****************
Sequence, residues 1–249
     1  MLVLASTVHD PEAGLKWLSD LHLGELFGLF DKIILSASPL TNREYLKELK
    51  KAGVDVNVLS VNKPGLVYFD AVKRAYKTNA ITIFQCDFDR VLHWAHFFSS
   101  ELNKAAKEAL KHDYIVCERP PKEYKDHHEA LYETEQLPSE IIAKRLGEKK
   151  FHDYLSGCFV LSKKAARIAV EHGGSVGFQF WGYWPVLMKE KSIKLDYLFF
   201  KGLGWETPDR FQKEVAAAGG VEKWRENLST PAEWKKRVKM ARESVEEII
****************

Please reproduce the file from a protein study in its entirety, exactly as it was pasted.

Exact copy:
Sequence, residues 1–249
     1  MLVLASTVHD PEAGLKWLSD LHLGELFGLF DKIILSASPL TNREYLKELK
    51  KAGVDVNVLS VNKPGLVYFD AVKRAYKTNA ITIFQCDFDR VLHWAHFFSS
   101  ELNKAAKEAL KHDYIVCERP PKEYKDHHEA LYETEQLPSE IIAKRLGEKK
   151  FHDYLSGCFV LSKKAARIAV EHGGSVGFQF WGYWPVLMKE KSIKLDYLFF
   201  KGLGWETPDR FQKEVAAAGG VEKWRENLST PAEWKKRVKM ARESVEEII